in the worlds that they inhabited, both were noticeably out of place, and both faithfully brought

forth justice to those same worlds.

Both blessed the people en masse: Christ fed the five thousand, Andy played music over

the loudspeaker to all of the inmates. Both rebuked their “Peters”: Christ rebuked His when

Peter told Him that He would not die, and Andy rebuked Red when Red told him to give up

hope of redemption and freedom. Both began reforming their worlds: Christ taught

everywhere he went, educated the His target audience (Israel), reformed Paul and used him as

a disciple instead of a persecutor (Paul is murdered later), and did not listen to the Pharisees

who tried to stop Him. Andy taught everywhere he went, educated his target audience (the

inmates) by building a library, reformed Tommy and used him as a student instead of a criminal

(Tommy is murdered later), and did not listen to warden Norton who tried to stop him. Both

were thought to be dead: Christ died (after suffering His greatest persecution for a crime He did

not commit), was resurrected after three days in the ground, revealed Himself to people who

did not recognize Him, and was raised to heaven where He sits reforming the Earth. Andy did

not attend roll call (after suffering his greatest persecution for a crime he did not commit), was

“resurrected” after crawling through a sewage tunnel in the ground, revealed himself to people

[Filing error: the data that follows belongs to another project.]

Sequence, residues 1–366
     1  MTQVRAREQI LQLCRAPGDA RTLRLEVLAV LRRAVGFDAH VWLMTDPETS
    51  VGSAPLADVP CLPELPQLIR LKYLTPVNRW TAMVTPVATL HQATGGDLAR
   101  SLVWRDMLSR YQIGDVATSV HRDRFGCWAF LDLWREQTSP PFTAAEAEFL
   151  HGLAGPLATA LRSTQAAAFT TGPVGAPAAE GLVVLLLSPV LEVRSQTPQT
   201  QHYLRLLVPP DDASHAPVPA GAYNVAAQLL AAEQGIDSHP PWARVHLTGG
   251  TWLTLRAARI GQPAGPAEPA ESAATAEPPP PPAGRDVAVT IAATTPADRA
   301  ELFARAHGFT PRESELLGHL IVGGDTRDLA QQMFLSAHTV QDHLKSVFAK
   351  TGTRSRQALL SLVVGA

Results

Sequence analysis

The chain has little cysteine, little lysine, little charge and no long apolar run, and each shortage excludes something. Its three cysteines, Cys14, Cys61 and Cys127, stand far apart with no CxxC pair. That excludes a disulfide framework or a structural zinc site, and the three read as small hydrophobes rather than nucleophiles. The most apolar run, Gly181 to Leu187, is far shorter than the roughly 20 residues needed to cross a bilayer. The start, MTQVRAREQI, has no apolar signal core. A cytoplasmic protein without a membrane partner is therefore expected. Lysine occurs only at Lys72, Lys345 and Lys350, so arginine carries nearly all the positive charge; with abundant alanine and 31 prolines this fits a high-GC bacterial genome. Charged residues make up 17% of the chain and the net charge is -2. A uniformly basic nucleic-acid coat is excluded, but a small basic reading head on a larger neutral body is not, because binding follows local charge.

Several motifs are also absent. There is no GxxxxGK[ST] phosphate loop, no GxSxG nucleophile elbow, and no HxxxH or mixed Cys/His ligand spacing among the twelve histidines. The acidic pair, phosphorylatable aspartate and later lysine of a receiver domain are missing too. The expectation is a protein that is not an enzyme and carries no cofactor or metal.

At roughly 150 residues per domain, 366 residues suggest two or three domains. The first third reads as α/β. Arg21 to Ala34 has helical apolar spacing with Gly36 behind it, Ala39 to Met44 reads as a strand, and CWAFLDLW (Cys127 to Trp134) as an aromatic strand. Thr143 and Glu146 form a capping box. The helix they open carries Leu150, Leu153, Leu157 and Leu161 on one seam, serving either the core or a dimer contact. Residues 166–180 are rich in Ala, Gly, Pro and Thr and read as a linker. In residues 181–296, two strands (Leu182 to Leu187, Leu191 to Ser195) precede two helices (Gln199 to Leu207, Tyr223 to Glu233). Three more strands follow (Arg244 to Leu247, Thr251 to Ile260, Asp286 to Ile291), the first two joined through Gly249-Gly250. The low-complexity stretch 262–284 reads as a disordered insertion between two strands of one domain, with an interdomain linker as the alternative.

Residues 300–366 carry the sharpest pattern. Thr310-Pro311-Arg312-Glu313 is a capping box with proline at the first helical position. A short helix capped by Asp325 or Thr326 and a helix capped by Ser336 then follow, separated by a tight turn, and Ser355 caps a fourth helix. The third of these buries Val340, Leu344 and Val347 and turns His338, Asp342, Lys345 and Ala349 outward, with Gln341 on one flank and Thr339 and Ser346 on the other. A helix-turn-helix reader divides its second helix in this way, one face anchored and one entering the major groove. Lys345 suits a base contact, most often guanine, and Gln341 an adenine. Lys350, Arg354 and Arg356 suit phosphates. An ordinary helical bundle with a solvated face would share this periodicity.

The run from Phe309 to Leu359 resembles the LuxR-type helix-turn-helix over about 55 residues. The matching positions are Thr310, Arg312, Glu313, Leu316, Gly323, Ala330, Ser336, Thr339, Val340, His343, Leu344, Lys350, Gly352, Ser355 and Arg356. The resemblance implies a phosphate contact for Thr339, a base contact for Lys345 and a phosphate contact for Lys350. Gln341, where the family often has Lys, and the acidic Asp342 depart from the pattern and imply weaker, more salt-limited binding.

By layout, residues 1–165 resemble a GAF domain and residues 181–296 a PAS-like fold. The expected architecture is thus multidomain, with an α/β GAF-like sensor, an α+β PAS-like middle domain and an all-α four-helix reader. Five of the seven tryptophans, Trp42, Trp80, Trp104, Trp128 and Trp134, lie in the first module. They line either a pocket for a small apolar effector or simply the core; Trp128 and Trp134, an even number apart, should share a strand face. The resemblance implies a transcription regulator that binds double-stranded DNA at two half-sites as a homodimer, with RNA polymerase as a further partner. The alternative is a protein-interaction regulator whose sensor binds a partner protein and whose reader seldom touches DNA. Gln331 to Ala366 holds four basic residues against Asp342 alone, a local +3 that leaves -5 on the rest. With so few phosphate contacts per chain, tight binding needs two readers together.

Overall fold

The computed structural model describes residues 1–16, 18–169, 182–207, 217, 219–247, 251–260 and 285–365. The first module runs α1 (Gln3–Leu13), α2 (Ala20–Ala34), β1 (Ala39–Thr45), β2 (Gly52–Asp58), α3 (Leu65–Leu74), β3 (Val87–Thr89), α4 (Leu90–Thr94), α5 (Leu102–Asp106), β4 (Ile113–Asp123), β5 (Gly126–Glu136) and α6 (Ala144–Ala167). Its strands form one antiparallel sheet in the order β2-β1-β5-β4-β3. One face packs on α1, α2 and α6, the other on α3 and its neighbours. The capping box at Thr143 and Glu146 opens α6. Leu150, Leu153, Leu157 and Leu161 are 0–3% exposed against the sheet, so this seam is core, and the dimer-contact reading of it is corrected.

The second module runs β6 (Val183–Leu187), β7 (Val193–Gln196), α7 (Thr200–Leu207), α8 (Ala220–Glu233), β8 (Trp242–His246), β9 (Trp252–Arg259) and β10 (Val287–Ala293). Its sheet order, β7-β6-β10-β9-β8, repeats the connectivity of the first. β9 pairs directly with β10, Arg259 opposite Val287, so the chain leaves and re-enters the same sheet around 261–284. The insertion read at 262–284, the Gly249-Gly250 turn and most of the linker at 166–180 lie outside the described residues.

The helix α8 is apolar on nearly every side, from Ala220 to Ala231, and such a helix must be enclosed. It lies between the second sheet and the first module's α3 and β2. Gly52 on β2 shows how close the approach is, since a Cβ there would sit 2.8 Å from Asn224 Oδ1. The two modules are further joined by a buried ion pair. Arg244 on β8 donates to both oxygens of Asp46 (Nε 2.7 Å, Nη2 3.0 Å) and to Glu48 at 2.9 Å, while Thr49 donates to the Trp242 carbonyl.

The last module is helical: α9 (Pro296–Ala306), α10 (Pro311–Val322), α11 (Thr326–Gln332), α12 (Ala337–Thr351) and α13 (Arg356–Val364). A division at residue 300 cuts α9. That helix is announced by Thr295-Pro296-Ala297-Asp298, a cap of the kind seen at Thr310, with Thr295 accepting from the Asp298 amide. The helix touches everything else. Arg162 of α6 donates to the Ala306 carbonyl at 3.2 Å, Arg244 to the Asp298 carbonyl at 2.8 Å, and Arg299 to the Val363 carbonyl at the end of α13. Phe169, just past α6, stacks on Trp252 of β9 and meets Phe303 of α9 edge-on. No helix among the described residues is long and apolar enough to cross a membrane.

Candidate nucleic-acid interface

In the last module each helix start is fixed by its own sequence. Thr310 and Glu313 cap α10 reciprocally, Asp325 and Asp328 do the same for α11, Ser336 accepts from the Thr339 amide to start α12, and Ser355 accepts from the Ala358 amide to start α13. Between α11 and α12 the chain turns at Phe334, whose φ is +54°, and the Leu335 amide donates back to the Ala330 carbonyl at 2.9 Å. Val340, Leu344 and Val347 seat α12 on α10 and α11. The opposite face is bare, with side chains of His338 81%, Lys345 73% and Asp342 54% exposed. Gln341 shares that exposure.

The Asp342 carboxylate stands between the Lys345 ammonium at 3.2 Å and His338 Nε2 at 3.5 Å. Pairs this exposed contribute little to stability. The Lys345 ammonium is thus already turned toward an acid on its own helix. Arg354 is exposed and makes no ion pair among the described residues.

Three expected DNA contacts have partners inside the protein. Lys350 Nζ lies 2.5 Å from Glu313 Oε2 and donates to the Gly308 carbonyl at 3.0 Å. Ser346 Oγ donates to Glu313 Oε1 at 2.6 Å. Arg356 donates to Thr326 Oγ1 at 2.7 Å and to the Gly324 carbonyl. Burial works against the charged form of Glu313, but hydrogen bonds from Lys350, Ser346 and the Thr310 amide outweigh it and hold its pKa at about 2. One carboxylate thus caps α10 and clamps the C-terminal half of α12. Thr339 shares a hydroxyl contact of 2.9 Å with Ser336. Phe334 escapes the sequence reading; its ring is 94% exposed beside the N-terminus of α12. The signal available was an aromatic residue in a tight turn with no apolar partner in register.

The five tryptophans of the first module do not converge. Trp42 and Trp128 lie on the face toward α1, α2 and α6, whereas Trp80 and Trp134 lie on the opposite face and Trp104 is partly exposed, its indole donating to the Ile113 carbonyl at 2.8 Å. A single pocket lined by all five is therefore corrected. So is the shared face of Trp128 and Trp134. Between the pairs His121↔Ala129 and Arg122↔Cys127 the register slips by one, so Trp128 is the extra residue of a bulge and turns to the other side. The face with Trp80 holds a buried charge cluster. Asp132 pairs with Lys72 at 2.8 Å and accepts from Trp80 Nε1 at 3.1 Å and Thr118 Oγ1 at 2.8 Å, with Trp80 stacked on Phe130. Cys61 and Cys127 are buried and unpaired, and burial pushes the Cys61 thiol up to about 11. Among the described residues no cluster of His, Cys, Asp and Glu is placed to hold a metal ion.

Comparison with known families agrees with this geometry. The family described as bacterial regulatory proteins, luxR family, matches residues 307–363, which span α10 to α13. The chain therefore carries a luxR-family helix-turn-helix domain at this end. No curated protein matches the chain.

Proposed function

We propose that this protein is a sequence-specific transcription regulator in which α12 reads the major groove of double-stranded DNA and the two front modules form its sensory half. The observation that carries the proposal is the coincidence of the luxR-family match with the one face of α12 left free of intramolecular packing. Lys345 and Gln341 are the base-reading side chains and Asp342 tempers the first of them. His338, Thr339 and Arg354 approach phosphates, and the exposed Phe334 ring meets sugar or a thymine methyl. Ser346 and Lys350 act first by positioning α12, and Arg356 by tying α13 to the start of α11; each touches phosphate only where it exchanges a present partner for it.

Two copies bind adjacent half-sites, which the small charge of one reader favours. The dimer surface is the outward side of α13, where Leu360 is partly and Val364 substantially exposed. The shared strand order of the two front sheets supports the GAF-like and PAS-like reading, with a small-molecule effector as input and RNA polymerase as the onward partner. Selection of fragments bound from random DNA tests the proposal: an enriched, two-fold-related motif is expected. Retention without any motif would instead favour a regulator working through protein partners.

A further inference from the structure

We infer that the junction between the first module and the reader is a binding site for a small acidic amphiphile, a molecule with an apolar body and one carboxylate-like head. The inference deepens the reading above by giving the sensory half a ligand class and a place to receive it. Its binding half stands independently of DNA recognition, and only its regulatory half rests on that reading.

who did not recognize him, and went to a tropical island off the coast of Mexico where we see

him restoring an old boat. Both predicted their “death” and “resurrection.” None of their

“disciples” believed them. Both told their disciples that they are going to prepare a place for

them. Both groups of disciples told stories about them after they left. Both destroyed the

religious persecutors of their day. And, amazingly, both used the Bible to accomplish all of these


The similarities do not stop there, but I will leave you to discover the rest. In all of this,

King attacks Jesus and His children with his mouth; with his actions, he praises his God who

created him. With his right hand, King seeks to destroy the legacy of Jesus Christ; with his left,

he perpetuates it. It is an incredible thing that, in King’s campaign to profane the God of the

Bible, he can find no better hero than Jesus Christ Himself to do it. The end result is that

Stephen King gets hoisted on his own petard.

Surely, “the wrath of man shall praise Thee.”

Categories: Culture

Luke Saint

The board’s youngest member, bringing with him a youthful zeal and valuable contributions. Raised in a homeschool environment by parents with a reconstructionist vision, he claims Christian Reconstruction as the mindset and mission of his faith. In addition to his day job as a UPS driver, he ministers in music at his church and currently hosts a podcast, Brotherhood of the Silver Screen, a critique commentary on the latest movies and cinema trends. Luke resides in Reading, PA.